Not all parents have the privilege of holding jobs that allow them time off to transport their children to a clinic. A social worker, upset by Catlin’s situation, described the challenges of her workload: “Families who are often disadvantaged because a parent has to stay home full time to care for their child with disabilities. very difficult needs ”due to intellectual disability.

Even if they could drop everything to get to a clinic, parents might not have a car or other reliable transportation or be able to afford gas.

Many families at Catlin start off with privileges others don’t. For example, most of the people who can afford Catlin’s tuition fees already have a relationship with a primary care physician. That alone gives them easier access to vaccines and information.

They can also have the luxury of time, the time to call pharmacy after pharmacy to find appointments. The social worker wrote: “Many families I support genuinely worry about meeting their basic needs: food, shelter, clothing, sleep (many parents I work with sleep very little).

“I am a mother of two children aged 5 to 11,” said Green, senior reporter for The Oregonian / OregonLive. “I saw with my own eyes that appointments were scarce and I went to great lengths to secure them during the first days of deployment. I spent several hours on the internet and on hold on the phone. I know others who have done it too.

She added, “Ultimately I started working on this story because what happened at Catlin Gabel raised questions about health equity. I asked myself, is this how the system is supposed to work? “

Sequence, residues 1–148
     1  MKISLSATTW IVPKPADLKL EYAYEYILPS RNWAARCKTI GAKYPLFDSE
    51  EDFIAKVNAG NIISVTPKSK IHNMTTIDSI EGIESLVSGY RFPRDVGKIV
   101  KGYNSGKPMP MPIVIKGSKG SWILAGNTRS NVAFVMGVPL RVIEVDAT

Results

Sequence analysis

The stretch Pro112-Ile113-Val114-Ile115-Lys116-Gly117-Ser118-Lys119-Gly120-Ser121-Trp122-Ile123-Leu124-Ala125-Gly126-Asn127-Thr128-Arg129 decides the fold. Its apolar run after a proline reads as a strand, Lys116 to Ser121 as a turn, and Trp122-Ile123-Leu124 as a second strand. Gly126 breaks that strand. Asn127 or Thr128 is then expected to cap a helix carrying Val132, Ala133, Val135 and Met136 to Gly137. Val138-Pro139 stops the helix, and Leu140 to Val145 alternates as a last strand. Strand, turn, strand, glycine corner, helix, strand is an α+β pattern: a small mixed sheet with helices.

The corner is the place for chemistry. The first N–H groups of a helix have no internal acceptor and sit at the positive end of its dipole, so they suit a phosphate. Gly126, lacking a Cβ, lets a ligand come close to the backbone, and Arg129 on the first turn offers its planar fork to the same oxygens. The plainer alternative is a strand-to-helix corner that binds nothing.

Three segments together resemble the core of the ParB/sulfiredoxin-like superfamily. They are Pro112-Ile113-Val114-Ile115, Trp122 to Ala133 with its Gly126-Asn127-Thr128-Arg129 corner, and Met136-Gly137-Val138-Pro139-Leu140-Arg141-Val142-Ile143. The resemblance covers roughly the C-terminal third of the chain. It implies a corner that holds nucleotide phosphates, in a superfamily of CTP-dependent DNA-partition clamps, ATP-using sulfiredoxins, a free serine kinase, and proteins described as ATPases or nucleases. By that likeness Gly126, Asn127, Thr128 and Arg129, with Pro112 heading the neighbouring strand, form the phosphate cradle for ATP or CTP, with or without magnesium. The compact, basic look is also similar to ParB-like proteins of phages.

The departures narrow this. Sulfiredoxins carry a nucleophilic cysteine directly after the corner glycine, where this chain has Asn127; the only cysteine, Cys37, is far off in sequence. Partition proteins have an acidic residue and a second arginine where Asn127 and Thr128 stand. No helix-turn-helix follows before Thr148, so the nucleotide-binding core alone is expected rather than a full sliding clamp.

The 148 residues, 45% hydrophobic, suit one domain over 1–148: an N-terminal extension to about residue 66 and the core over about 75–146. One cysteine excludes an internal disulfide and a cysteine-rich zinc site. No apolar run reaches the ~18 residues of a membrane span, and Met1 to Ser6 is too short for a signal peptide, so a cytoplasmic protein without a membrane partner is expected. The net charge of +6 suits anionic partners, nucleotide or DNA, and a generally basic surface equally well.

Green’s article details the ways Dr Mays has helped since the vaccines were made available. I don’t believe Mays or even Catlin Gabel did anything wrong. “I am publicly educated, from kindergarten to medical school, and I am very proud of it,” she told me. “To suggest that I, a Quaker, a 4th generation Liberal, am an elitist is laughable. “

Mays told me that since January she had given more than 4,000 injections “to the elderly, to the young, to those in group homes, to the severely disabled.” She devoted her time and supplies, such as bandages, disinfectant, etc.

Catlin Cabel, for her part, notes that 40% of the people served at the clinic were not from the private school, including the walk-in visits as the word spread. They didn’t make it public more widely, a school spokesperson said, for fear of being overwhelmed. Green wishes the principals gave an interview. Instead, a spokesperson responded to questions via email.

Fairness does not mean that everything has to be equal. It means recognizing and overcoming complex societal barriers and ensuring that those affected have access to them despite those barriers.

And, yes, I’m writing this as an educated white person with the privilege of writing for a journal. I miss a lot because of my blind spots.

But it’s easy to imagine a very different outcome if fairness had been at the center of every decision along the way.

The coverage of the Oregonian / OregonLive was not meant to shame or blame. In the hands of a less thoughtful journalist, the whole situation could have been presented in a much harsher light. I think Green presented a nuanced view.

Our mission is to shed light on the news in our community – on the reality of what happened. And what happened left many parents of modest means frustrated with the good path this particular set of circumstances offered to affluent and, yes, privileged families.